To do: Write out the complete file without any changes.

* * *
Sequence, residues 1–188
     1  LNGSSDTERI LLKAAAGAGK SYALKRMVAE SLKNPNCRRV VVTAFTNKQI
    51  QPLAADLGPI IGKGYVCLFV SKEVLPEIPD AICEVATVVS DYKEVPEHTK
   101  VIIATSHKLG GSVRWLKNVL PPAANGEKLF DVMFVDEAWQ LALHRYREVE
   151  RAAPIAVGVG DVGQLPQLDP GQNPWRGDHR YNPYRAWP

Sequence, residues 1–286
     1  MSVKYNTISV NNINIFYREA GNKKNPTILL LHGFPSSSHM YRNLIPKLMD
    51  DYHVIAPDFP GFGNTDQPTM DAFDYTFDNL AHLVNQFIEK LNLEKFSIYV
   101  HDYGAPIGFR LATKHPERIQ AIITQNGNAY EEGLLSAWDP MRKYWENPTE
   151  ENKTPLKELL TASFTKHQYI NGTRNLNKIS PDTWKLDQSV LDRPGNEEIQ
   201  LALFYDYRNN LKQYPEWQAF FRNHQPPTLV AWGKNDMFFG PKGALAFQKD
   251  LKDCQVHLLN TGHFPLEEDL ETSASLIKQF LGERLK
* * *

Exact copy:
Sequence, residues 1–188
     1  LNGSSDTERI LLKAAAGAGK SYALKRMVAE SLKNPNCRRV VVTAFTNKQI
    51  QPLAADLGPI IGKGYVCLFV SKEVLPEIPD AICEVATVVS DYKEVPEHTK
   101  VIIATSHKLG GSVRWLKNVL PPAANGEKLF DVMFVDEAWQ LALHRYREVE
   151  RAAPIAVGVG DVGQLPQLDP GQNPWRGDHR YNPYRAWP

Sequence, residues 1–286
     1  MSVKYNTISV NNINIFYREA GNKKNPTILL LHGFPSSSHM YRNLIPKLMD
    51  DYHVIAPDFP GFGNTDQPTM DAFDYTFDNL AHLVNQFIEK LNLEKFSIYV
   101  HDYGAPIGFR LATKHPERIQ AIITQNGNAY EEGLLSAWDP MRKYWENPTE
   151  ENKTPLKELL TASFTKHQYI NGTRNLNKIS PDTWKLDQSV LDRPGNEEIQ
   201  LALFYDYRNN LKQYPEWQAF FRNHQPPTLV AWGKNDMFFG PKGALAFQKD
   251  LKDCQVHLLN TGHFPLEEDL ETSASLIKQF LGERLK